Q2 2016 QUARTERLY REPORT TRENDS:
THE BINGE EFFECT
It’s no fad: Millennials and teens have embraced binge watching, and there’s no going back. According to our research, 95% of 13-33-year-olds binge watch, and 54% are binge watching multiple times each month. They’re devoting an immense amount of time to consuming entertainment in single sittings, and their television preferences have been altered drastically. But Binge Effect has gone beyond viewing patterns—their binging behavior is distracting them from other things, changing their views on marketing, and shifting their frame of reference as they access content they might never have seen before.
Young consumers today are being called too-sensitive, and a debate has been raging about whether political correctness has gone “too far.” There is no doubt that Millennials and teens have grown up in the era of PC culture, and words like “trigger warnings” have been introduced as they have come of age—and it has made an impact. Over six in ten 13-33-year-olds say they try to be politically correct, and even more tell us that if they hear or see something offensive, they speak up about it. They feel it’s their responsibility to take a stand against behavior and speech they see as hurtful, and while previous generations might bemoan the PC status quo, the majority of Millennials and teens think it’s a good thing. But what exactly is their definition of political correctness and how is it impacting what they expect from brands? We explored the issue to find out how young consumers view their role as the PC police.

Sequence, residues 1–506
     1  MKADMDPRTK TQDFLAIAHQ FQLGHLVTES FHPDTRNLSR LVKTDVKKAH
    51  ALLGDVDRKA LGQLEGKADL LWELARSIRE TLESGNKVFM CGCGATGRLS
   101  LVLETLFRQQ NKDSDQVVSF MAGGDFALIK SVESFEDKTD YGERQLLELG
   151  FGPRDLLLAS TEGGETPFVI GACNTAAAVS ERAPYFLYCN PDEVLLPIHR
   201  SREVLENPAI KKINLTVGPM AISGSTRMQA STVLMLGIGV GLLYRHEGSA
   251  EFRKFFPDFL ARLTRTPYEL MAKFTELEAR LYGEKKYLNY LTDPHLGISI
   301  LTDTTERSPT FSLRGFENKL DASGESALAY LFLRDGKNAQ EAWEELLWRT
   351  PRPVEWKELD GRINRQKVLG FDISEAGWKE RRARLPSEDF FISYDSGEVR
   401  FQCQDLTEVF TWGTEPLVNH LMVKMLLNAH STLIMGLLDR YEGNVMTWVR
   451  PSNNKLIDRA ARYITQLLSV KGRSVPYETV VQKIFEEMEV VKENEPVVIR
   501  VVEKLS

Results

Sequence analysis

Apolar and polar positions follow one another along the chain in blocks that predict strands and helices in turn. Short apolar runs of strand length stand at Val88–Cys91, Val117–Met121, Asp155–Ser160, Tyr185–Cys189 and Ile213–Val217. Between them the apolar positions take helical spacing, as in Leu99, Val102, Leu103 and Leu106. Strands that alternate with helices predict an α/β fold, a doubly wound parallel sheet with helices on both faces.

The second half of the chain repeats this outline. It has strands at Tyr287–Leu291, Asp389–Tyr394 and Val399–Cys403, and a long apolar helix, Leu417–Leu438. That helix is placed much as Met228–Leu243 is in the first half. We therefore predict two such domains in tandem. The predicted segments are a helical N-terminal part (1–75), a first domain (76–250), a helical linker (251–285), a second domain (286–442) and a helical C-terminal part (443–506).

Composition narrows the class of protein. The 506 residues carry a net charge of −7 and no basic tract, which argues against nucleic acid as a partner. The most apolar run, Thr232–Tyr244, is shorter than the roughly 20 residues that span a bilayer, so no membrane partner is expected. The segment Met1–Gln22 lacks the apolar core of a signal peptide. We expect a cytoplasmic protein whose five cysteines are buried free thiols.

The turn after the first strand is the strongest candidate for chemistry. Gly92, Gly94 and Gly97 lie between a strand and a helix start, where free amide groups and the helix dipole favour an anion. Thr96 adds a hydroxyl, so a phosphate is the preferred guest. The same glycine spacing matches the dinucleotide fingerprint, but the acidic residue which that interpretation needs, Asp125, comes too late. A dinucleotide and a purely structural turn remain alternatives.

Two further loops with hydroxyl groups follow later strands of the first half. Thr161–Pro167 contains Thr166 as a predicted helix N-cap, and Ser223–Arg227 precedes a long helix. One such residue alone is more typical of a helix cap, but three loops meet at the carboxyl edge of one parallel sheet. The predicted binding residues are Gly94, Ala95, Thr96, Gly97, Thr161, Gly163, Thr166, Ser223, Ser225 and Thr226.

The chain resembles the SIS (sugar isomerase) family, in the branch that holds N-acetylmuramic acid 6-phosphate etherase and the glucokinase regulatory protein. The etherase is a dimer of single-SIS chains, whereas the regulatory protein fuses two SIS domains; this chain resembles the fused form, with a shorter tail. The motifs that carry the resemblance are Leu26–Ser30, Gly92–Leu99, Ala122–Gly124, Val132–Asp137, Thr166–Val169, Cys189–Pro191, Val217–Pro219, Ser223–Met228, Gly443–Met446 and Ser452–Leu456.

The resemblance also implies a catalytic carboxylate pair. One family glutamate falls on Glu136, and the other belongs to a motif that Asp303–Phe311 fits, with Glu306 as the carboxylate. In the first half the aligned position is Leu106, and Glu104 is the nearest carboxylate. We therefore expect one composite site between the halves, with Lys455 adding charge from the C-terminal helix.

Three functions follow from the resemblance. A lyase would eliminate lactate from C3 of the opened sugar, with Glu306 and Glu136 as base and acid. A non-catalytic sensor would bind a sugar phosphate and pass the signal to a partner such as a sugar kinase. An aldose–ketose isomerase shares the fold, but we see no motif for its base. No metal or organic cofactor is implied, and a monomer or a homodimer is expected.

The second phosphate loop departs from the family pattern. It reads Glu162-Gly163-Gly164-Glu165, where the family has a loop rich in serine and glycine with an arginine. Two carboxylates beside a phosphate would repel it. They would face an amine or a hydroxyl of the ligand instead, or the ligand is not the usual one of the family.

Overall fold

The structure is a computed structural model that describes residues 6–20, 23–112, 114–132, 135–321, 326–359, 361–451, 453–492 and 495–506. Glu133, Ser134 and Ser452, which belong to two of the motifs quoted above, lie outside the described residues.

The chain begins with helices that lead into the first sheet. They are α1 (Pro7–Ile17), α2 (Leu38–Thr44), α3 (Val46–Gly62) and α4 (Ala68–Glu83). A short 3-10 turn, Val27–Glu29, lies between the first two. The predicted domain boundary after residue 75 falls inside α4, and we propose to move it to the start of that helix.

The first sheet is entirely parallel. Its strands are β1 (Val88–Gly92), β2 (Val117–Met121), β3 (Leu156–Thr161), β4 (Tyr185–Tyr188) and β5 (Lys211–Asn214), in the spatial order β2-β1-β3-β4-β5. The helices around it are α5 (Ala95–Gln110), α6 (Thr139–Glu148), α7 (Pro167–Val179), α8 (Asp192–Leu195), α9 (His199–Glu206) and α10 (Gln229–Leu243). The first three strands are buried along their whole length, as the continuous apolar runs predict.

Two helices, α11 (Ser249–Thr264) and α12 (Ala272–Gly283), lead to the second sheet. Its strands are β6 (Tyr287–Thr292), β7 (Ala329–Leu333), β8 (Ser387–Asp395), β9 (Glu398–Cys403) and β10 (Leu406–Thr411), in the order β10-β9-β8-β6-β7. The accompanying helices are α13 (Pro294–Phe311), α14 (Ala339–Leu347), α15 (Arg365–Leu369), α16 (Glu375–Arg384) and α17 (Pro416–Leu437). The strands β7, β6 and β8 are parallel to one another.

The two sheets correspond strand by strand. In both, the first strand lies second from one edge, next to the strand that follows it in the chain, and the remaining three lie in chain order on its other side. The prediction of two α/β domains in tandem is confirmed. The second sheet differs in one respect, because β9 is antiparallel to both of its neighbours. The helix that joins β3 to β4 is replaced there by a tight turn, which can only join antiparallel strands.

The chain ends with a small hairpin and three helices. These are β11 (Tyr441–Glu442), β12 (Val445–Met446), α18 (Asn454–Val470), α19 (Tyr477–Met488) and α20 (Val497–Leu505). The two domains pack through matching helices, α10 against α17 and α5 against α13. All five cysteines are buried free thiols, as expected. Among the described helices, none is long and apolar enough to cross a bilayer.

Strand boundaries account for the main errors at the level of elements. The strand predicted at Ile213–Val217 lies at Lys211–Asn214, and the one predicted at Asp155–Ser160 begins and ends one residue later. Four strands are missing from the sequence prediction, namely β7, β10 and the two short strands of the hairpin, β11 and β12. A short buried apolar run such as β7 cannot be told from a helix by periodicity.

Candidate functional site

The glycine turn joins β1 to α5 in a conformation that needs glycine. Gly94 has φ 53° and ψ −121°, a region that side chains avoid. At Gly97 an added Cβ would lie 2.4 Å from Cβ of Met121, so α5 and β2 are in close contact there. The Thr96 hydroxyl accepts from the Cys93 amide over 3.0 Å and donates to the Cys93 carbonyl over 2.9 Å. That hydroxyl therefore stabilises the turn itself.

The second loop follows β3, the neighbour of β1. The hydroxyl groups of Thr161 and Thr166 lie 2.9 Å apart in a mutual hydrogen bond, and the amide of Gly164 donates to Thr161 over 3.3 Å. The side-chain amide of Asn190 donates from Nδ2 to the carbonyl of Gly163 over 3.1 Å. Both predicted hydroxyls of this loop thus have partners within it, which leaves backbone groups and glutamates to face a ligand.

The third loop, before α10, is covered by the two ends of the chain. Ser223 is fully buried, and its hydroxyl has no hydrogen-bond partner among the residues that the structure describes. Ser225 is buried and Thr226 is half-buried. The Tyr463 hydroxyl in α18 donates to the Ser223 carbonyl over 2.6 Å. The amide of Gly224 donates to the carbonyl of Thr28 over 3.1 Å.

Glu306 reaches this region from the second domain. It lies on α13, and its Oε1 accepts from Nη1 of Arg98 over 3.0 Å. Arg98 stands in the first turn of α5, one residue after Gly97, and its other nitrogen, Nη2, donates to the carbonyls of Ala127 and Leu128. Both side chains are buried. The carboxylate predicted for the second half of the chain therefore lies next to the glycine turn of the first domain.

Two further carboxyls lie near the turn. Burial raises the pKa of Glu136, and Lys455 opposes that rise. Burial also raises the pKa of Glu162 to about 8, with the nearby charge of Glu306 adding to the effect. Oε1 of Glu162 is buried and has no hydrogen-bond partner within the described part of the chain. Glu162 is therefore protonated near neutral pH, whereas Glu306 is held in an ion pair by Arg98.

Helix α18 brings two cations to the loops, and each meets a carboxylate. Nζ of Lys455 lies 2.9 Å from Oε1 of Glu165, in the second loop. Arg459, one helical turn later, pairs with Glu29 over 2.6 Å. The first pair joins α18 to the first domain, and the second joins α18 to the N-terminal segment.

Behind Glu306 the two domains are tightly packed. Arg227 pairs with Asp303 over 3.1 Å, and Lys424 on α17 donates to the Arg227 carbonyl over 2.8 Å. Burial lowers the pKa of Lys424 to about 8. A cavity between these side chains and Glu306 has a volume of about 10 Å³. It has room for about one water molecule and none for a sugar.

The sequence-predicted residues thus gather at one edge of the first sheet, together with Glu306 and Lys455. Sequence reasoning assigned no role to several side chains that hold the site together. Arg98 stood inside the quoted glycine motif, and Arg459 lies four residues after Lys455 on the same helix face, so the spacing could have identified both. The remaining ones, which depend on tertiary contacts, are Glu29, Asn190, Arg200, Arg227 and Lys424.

THE PRIVACY ISSUE
Let’s get one thing straight: Millennials care about privacy and security. They’re worried about their information floating around in digital clouds and skeptical about its protection under the eyes of individuals, companies, and institutions. But practical to their nature, most would rather accept that their actions online will never be completely private instead of swear off the internet forever or safeguard back to the DOS era. We investigated this ultimate catch-22 for the digital-first generation, and found out what exactly brands are allowed to do with what they know.